72 Characteristics of the FBO Industry 2018â2019 more enplaned passengers are considered primary airports and grouped as large-, medium-, small-, and nonhub airports. Nonprimary airports include commercial service airports (with between 2,500 and 9,999 enplaned passengers per year), reliever, and GA airports. Beginning in 2012, the FAA further divided GA airports into five categories: national, regional, local, basic, and unclassified. The new GA categories provide a comprehensive way to consider FBO size and services performed at individual airports. Activity indicators considered in grouping an air- portâs category included the following: â¢ Based aircraft â¢ Based jets â¢ Instrument flight rules flights (e.g., total, international, Interstate, and flights over a 500-mile radius) â¢ Enplanements â¢ Cargo landed weight â¢ Metropolitan or micropolitan statistical area â¢ Remote location and limited access â¢ Nearest NPIAS airport â¢ Commercial service â¢ Public interest supported by government agencies (e.g., firefighting, U.S. Postal Service, Customs and Border Patrol, and Essential Air Service) â¢ New or replacement airport â¢ Owned by a public sponsor or privately owned, but designated as a reliever As of 2018, 243 GA airports remained not categorized. Airports are unclassified because they do not have enough validated based aircraft or there is no other documented public use (including remote access). Also, of note, the FAA and participating stakeholders determined that runway length, while important to the type and size of aircraft using an airport, âdidnât mean that there was a common minimum length required to meet a specific aeronautical func- tionâ [NPIAS, Appendix C]. Similarly, the presence of an instrument approach and control tower, while advantageous, related to local airspace, metrological conditions, and safety con- cerns, and did not necessarily relate directly to specific aeronautical functions, which was the main reason for the new categories. The new categories for GA airports are reasonable proxies to study FBO characteristics at different types of airports. Table 53 presents the NPIAS categories. NPIAS does not include all public-use airports. FAA Order 5090-5 establishes internal guide- lines for managing and maintaining the NPIAS and the Airport Capital Improvement Plan (ACIP). Some GA airports are disqualified because of inadequate sites; inability to expand or improve to meet safety standards; or location within 20 miles of another NPIAS airport. Ultra- light, gliderports, and balloonports are also excluded. Table 54 shows the numerical differences between 5010 public-use airports and NPIAS airports. AirNav Database Behind the AirNav online reports is a continually updated database. AirNav updates its 5010 data monthly in step with FAA updates to this data. Fuel prices, FBO information, and other business listings are largely self-reported and updated whenever an FBO provider submits information. AirNav prices a basic listing at very low cost, determined by the type and amount of traffic at an airport. For business listings, preferred position on the page, custom copy, logos, and advertisements on other airport report pages cost more. The use of a tiered pricing schedule makes for an inclusive database. However, when it comes to services listings, lower-fee customers choose from a list of keywords describing FBO services;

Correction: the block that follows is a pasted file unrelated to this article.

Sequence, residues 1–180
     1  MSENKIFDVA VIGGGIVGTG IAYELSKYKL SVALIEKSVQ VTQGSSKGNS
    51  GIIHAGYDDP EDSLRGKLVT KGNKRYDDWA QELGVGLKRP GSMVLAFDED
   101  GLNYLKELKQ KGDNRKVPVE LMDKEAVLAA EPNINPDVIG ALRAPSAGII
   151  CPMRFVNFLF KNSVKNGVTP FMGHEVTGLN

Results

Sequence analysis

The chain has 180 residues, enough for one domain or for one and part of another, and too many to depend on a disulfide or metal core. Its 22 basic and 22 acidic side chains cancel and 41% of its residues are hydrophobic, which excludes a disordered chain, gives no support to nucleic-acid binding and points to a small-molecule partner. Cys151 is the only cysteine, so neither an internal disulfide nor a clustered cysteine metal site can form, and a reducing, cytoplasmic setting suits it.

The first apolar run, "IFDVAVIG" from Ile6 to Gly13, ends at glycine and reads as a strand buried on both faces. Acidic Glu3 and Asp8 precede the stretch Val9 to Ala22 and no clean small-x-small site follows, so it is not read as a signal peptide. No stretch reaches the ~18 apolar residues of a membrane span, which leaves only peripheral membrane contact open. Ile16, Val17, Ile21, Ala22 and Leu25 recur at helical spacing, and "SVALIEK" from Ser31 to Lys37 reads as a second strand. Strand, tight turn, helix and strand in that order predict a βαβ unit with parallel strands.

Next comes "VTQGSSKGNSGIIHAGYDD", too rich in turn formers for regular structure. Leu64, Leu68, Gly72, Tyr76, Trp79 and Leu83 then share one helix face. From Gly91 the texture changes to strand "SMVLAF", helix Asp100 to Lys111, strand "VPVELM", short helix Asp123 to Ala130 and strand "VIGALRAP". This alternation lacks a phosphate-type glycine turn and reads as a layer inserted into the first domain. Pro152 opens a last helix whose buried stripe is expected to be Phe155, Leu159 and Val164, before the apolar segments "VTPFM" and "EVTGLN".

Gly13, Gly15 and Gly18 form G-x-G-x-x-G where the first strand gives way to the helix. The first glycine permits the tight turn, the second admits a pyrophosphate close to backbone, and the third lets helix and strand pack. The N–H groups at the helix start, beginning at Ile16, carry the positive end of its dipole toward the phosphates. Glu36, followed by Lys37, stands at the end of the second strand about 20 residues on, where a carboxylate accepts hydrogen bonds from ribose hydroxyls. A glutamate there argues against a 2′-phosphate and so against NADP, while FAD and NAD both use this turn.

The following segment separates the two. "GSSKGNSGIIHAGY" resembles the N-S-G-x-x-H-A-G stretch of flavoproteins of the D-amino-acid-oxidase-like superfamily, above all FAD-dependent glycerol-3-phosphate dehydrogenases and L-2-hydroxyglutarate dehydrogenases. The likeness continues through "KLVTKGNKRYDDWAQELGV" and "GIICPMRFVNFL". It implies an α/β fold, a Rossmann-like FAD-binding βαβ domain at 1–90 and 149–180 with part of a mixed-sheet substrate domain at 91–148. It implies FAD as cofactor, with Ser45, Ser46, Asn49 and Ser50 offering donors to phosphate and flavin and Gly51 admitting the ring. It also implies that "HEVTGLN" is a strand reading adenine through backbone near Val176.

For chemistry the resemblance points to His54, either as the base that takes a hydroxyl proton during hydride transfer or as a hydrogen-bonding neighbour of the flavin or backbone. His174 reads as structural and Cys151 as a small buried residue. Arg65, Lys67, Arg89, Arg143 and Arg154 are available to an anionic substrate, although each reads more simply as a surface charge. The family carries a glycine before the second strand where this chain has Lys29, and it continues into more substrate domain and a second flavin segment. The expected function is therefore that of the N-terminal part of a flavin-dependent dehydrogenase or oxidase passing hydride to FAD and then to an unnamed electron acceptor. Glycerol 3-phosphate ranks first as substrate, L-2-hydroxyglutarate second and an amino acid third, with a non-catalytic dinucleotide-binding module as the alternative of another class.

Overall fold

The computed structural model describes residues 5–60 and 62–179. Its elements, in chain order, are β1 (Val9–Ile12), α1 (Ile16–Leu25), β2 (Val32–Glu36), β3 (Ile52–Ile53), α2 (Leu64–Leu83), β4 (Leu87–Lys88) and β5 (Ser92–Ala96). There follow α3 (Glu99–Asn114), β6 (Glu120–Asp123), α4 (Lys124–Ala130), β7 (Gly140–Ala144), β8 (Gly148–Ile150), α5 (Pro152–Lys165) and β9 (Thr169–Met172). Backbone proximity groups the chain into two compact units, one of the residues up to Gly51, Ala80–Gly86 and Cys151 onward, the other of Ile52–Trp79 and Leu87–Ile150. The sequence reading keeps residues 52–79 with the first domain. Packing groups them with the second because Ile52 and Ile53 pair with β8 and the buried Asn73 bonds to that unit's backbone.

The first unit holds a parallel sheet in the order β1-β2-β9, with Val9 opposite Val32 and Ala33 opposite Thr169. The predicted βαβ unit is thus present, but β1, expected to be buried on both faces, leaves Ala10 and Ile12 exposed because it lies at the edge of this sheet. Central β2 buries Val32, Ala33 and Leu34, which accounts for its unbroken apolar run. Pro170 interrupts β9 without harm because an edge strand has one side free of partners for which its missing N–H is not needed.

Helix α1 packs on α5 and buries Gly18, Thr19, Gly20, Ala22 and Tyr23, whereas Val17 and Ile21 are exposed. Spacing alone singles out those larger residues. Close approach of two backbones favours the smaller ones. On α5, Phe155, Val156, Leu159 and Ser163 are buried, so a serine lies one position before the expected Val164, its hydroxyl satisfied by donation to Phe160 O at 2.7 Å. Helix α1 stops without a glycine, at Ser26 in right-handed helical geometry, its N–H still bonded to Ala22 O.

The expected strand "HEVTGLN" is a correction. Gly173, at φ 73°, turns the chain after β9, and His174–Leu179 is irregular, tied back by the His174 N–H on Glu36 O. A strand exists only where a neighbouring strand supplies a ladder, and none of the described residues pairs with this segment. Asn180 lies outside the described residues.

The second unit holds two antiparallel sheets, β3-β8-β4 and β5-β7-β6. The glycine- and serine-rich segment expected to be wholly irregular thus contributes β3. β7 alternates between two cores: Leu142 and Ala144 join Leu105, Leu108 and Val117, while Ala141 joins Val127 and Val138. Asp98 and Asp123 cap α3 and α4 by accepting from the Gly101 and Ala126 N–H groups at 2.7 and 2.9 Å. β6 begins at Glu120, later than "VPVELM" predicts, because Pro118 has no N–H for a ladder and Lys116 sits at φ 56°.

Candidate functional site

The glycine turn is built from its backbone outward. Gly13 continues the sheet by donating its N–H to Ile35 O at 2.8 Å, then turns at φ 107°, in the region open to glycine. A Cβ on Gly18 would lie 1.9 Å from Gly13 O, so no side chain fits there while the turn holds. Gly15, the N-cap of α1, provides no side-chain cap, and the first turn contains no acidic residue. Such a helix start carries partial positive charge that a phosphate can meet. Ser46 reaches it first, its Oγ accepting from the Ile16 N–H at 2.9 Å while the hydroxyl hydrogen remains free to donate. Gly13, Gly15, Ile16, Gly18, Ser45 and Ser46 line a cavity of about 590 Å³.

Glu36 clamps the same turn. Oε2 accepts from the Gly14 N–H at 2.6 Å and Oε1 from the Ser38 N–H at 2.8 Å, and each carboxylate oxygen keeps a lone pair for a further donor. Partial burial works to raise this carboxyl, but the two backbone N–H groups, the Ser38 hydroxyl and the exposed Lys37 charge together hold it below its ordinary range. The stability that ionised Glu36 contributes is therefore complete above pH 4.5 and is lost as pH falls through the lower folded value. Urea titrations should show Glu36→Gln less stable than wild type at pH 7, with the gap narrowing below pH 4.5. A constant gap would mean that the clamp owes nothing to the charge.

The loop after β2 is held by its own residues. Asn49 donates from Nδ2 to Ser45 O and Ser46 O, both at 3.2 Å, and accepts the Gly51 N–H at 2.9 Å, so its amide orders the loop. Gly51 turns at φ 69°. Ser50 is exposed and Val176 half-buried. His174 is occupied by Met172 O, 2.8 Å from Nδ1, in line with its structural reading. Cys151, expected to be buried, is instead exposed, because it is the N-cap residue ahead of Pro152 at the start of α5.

Overview of FBO and Airport Data 73 higher-paying customers can post their own service descriptions, resulting in some records that are easy to compare; other records are more free-form. As of December 2018, AirNav had list- ings for 3,661 FBO locations at public-use airports and 57 FBO locations at private-use airports. For purposes of this analysis, FBOs at private-use airports were culled from the list. It is important to make the distinction between FBO locations and airports with FBOs. In the AirNav database, there are 299 public-use airports with multiple FBO locations operating on the field. For example, Centennial Airport (APA) in Colorado lists five FBO locations and Teterboro Airport (TEB) in New Jersey lists six FBO locations, which includes three Signature facilities and three other companies with FBO locations at TEB. Dallas Love Field Airport lists six FBO locations reflecting six different companies. Most airports with multiple FBOs, how- ever, have two or three FBO locations at the airport, and one FBO location is the norm. AirNav data were used to identify FBOs at public-use airports; to determine fuel services and brands; and to compare aviation products, services, and facilities offered. Airport Category Number of Airports Primary Airports Large-Hub 30 Medium-Hub 31 Small-Hub 72 Nonhub 247 Total Primary Airports 380 Nonprimary Airports National 88 Regional 492 Local 1,278 Basic 840 Unclassified 243 Nonprimary Airports 2,941 Total NPIAS Airports 3,321 Source: Compiled from FAA, National Plan of Integrated Airport Systems (2019â2023). Table 53. Airports in the NPIAS by category. Facility Type Public-Use Airports NPIAS Airports Airports 4,812 3,273 Heliport 60 10 Seaplane Base 211 38 Balloonports 1 - Gliderports 5 - Ultralight 3 - Total 5,092 3,321 Source: Compiled from FAA, National Plan of Integrated Airport Systems (2019â2023) and FAA Form 5010-1, Airport Master Records, as of December 5, 2018. Table 54. Comparison of 5010 public-use airports and NPIAS airports.